Thursday, October 31st 2019

Intel Ice Lake-SP and Cooper Lake-SP Details Leaked

Brainbox, a Korean media outlet, has gathered information on Intel's newest Ice Lake and Cooper Lake server processors from a presentation ASUS held for its server lineup. With Cooper Lake-SP paving the way for the first server CPU model to be released on the new "Whitley" platform, it is supposed to launch in Q2 of 2020. Cooper Lake-SP comes with TDP of 300 W and will be available with configurations of up to 48 cores, but there also should be a 56 core model like the Xeon Platinum 9282, that has a TDP of 400 W. Cooper Lake-SP supports up to 64 PCIe 3.0 lanes, 8 channel memory (16 DIMMs in total) that goes up to 3200 MHz and four Ultra Path Interconnect (UPI) links.

Ice Lake-SP, built on the new 10 nm+ manufacturing process, is coming in soon after Cooper Lake-SP release, with a launch window in Q3 of 2020. That is just few months apart from previous CPU launch, so it will be a bit hard to integrate the launches of two rather distinct products. As far as the specifications of Ice Lake-SP goes, it will have up to 38 core for the top end model, within 270 W TDP. It supports 64 PCIe 4.0 lanes with three UPI links. There is also 8 channel memory support, however this time there is an option to use 2nd generation Optane DC Persistent Memory. Both CPU uArches will run on the new LGA 4189 on the P+ socket.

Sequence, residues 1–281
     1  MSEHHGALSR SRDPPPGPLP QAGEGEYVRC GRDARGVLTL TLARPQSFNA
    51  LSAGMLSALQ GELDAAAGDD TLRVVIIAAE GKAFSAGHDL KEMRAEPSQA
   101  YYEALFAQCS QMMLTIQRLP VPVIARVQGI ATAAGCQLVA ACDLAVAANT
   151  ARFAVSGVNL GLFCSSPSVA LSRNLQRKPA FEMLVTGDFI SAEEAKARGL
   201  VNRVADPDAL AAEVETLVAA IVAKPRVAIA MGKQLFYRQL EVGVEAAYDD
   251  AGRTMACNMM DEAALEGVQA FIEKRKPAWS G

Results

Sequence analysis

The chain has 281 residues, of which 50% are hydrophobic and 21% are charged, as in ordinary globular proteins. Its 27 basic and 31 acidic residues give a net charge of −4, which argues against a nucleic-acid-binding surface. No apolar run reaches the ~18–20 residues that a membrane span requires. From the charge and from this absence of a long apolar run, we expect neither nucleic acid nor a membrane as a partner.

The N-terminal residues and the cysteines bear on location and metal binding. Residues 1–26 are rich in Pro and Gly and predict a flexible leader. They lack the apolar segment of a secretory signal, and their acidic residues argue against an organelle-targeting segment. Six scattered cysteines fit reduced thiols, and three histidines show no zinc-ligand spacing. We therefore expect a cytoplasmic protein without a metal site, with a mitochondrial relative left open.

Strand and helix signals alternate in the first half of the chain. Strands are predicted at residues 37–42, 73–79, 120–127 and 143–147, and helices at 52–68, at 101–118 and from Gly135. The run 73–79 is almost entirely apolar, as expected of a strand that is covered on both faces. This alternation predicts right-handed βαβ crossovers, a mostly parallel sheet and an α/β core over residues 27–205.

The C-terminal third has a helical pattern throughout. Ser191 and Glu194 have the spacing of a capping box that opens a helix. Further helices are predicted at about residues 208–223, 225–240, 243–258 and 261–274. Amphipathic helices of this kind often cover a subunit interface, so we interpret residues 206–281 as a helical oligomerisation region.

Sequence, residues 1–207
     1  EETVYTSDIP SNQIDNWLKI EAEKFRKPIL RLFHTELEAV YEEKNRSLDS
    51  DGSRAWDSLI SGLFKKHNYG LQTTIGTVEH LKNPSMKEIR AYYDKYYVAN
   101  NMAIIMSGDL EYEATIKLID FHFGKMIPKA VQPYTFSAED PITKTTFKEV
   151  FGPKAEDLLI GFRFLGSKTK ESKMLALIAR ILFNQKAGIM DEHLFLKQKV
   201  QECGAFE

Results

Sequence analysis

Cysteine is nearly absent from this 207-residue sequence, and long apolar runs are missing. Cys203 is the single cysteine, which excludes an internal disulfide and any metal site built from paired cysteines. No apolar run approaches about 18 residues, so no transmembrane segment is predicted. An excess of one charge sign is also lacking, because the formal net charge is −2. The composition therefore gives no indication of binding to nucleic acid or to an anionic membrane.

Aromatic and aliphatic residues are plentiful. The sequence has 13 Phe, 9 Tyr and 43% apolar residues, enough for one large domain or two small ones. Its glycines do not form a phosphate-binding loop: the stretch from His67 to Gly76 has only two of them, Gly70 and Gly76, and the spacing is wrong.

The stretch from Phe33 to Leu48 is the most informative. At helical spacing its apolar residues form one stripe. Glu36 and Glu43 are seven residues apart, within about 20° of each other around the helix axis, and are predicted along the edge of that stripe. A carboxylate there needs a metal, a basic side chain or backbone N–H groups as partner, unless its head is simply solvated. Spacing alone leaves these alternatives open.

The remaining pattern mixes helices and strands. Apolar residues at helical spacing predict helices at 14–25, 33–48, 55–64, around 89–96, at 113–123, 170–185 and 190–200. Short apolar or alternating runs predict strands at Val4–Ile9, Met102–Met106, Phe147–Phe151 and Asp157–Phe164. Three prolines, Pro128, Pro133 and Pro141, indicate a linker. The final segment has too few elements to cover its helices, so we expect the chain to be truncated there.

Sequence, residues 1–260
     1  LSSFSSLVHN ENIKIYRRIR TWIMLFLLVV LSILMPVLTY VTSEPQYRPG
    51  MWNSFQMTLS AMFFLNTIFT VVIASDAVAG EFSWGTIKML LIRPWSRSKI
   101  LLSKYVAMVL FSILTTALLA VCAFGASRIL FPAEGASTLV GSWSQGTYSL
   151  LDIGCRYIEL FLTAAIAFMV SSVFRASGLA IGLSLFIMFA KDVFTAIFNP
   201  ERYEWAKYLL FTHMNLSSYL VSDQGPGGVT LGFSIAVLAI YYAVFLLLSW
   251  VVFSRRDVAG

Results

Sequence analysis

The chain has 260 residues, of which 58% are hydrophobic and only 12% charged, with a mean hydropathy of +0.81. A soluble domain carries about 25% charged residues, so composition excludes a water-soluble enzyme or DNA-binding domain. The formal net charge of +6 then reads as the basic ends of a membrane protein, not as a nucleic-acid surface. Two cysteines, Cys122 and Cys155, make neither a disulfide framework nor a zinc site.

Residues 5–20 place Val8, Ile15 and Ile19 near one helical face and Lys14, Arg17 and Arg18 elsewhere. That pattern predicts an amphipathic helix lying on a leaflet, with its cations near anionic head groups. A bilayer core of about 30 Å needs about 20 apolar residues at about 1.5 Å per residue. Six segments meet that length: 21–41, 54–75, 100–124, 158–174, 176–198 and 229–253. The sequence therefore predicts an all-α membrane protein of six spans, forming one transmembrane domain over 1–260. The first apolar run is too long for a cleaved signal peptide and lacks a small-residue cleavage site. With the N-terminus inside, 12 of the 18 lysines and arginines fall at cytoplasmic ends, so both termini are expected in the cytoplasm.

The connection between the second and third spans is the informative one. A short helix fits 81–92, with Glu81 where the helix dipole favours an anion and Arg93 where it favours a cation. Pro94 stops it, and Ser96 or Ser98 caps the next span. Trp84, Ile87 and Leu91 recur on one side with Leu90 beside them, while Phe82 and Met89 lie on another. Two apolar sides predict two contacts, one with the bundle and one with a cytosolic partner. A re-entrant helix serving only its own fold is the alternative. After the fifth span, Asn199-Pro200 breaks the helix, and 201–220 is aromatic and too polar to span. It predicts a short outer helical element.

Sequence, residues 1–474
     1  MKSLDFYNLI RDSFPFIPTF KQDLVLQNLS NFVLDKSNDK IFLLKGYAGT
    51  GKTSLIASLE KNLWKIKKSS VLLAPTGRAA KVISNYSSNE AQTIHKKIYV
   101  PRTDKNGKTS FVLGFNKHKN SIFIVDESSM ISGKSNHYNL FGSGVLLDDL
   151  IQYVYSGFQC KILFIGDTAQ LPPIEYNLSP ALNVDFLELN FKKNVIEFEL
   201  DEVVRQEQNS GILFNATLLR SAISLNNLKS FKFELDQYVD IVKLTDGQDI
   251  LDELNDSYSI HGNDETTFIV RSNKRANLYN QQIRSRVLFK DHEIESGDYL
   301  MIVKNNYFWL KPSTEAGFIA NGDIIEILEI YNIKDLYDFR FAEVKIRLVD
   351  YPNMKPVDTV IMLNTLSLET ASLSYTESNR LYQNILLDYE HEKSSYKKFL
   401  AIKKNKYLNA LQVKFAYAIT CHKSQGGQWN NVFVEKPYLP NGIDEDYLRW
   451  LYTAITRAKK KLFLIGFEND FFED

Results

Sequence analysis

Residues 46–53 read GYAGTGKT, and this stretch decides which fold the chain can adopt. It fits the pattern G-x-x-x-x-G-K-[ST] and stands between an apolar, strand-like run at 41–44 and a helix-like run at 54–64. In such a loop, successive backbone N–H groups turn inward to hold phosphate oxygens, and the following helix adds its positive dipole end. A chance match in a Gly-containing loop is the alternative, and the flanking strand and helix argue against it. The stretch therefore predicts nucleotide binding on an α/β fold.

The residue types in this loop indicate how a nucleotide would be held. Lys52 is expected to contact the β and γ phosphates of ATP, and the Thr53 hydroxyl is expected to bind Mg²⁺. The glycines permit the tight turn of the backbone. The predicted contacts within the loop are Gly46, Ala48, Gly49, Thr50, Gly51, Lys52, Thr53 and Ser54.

Source: Tom's Hardware
Add your own comment

28 Comments on Intel Ice Lake-SP and Cooper Lake-SP Details Leaked

#1
Crackong
I saw PCI-E Gen 4 in the slide. :)
Posted on Reply
#2
KarymidoN
Crackong
I saw PCI-E Gen 4 in the slide. :)
legend says it will only be available in the server market for intel.
Posted on Reply
#3
dj-electric
I don't wanna be "that guy", but unless some IPC miracle happens, im not sure how these will stack against the valiant Zen3-based EPYC CPUs. The amount of compute power AMD is able to cram even today at the Zen2 gen is immense.
Posted on Reply
#4
Patriot
dj-electric
I don't wanna be "that guy", but unless some IPC miracle happens, im not sure how these will stack against the valiant Zen3-based EPYC CPUs. The amount of compute power AMD is able to cram even today at the Zen2 gen is immense.
Yeaaaaaah Zen2 was designed expecting to compete against icelake....
Posted on Reply
#7
Vinska
>48 cores on another monolithic skylake rehash die at 14nm
imagine the yields
envision the defect rate
Posted on Reply
#8
uzzi38
Vinska
>48 cores on another monolithic skylake rehash die at 14nm
imagine the yields
envision the defect rate
Commenting on the yields of Cooper Lake, when in reality you should be about ICL-SP.
Posted on Reply
#9
TheLostSwede
PerfectWave
Nice picture cant read anything ...
Try putting on your glasses...
Posted on Reply
#10
londiste
Vinska
>48 cores on another monolithic skylake rehash die at 14nm
imagine the yields
envision the defect rate
These are not monolithic. Two 28-core XCC cores on one package.
38-core Ice Lake Xeon is much more interesting, I have to wonder how many dies at which core counts that one uses.
Posted on Reply
#11
DeathtoGnomes
TheLostSwede
Try putting on your glasses...
I couldnt read it either, can I borrow yours?
Posted on Reply
#12
PerfectWave
PerfectWave